WATERVILLE — The annual Festival at the Falls at Head of Falls off Front Street will not be held this year after the city discontinued funding the event in the 2015-16 budget, according to organizers.

The free festival, known before last year as the Franco-American Family Festival and held the first week in September, had been funded for many years with $4,500 from the city.

City Councilor Karen Rancourt-Thomas, D-Ward 7, director of the Franco-American Heritage Society of Kennebec Valley, which hosted the festival, said she’s disappointed by the move. She has been festival coordinator the last four years.

She said she is disappointed the City Council did not object to removing the funding for the festival, which brings people of different cultures and religions together for a Sunday afternoon to share music, food, dancing and other activities. Visitors from as far away as Canada attended the festival and spent money at restaurants and shops in the city, she said.

“By taking this away for $4,500 — a drop in the bucket — is actually quite insulting,” Rancourt-Thomas said Monday. “I’m insulted by it.”

City Manager Michael Roy acknowledged that he presented his proposed budget to the council this year without including funding for the festival. Councilors could have chosen to put funding back into the budget, but they did not.

Roy said that $4,500 for an afternoon event was a lot of money, and he thought the attendance had declined over the last few years. Rancourt-Thomas disputed that, saying attendance had increased and hundreds of people attended last year.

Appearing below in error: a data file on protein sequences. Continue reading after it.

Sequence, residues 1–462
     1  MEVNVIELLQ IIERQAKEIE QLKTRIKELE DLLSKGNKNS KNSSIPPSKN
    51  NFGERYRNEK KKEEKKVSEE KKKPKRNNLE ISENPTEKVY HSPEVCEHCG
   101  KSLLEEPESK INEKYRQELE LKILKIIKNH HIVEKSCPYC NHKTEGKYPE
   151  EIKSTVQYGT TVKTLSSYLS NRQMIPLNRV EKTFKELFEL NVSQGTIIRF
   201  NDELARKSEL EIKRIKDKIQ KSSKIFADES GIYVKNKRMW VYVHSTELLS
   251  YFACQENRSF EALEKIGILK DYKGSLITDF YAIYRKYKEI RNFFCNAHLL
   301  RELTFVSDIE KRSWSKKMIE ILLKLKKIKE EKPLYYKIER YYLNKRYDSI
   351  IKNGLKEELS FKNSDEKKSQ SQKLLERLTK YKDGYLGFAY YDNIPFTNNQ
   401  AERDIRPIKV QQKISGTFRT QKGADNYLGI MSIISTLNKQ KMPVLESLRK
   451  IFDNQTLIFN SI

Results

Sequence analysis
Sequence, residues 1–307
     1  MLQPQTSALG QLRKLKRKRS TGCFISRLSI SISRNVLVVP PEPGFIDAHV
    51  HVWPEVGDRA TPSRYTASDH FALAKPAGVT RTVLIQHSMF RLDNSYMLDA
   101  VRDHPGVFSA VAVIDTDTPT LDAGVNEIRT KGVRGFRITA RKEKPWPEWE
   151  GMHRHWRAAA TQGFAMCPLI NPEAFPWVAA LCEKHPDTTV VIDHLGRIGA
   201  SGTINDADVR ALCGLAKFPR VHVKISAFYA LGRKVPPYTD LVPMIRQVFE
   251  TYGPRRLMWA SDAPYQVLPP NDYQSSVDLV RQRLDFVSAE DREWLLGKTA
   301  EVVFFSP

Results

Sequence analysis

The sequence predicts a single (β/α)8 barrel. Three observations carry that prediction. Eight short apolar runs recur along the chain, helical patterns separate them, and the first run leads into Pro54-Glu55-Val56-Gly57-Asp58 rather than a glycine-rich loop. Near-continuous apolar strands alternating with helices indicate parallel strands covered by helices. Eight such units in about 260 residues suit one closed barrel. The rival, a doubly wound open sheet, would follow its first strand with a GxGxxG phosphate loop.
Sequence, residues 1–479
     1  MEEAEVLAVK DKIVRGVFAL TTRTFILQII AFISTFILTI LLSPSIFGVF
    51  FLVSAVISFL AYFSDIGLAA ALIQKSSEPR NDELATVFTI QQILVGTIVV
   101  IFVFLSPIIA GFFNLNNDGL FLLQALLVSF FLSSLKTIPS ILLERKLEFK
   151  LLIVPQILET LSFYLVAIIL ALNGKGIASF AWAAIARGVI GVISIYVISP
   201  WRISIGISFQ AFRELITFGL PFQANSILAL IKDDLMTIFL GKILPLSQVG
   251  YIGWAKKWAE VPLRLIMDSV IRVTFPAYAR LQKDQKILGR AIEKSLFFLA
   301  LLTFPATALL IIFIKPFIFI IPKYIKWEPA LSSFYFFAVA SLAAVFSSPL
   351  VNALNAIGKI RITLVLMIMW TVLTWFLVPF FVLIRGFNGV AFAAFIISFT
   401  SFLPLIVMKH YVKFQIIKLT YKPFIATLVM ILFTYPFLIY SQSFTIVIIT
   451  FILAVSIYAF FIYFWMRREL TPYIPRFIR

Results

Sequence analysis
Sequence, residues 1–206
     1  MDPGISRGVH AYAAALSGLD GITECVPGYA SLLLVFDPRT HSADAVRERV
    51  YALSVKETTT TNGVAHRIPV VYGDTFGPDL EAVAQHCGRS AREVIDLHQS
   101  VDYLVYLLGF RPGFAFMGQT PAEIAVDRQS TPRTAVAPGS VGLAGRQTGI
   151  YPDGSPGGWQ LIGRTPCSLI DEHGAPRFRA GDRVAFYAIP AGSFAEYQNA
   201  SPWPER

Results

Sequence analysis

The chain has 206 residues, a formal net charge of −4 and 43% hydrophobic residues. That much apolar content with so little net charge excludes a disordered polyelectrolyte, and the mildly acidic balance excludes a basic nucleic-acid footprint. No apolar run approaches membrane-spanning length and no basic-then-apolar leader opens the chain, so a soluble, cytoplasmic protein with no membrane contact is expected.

Roy also said that no councilors questioned his proposal to discontinue funding the festival, and Rancourt-Thomas never made an argument for putting the money back into the budget.

Rancourt-Thomas said, however, that she did object in a budget discussion and was disappointed no one else backed her and fought to keep the funding.

Council Chairman Fred Stubbert, D-Ward 1, said Monday that the council thought the festival should be self-sufficient.

“We were trying to reduce the amount of money we were giving to outside agencies,” he said. “We weren’t singling out any one group. We were just saying that these things should be self-sufficient, and taxpayers shouldn’t be paying for it.”

He said funding for Kennebec Valley Council of Governments and the Kennebec Valley Community Action Program bus were proposed to be cut, but the council discussed the merits of both and decided to put funding for them back in the budget.

Pearley Lachance, who coordinated the festival for many years before Rancourt-Thomas took over and still helps organize it, said Monday that many nonprofit organizations counted on attending the festival to help raise money for their causes and showcase their organizations. For instance, the Franco-American Heritage Society, of which he is a member, hosted the tourtiere pie contest at the event to raise money for scholarships for students from area high schools. It also raised money to sponsor a film at the Maine International Film Festival, promotes Museum in the Streets, a walking tour of historic sites in the city, and a musical concert for youth. Beth Israel Congregation, St. Joseph Maronite Catholic Church and the Knights of Columbus, Holy Spirit Council, of Waterville, were among organizations that were featured at the festival.

“This is a great thing because it shows the different cultures,” Lachance said. “What’s the product here? Heritage. What does it represent? It represents people. This is about people.”

Rancourt-Thomas agreed.

“That’s the biggest piece — we are promoting Waterville and we’re promoting the businesses in Waterville.”

They said that the Franco-American Heritage Society would pitch in some money if extra was needed for the festival, but most of the funding came from the city.

Amy Calder — 861-9247

[email protected]

Twitter: @AmyCalder17

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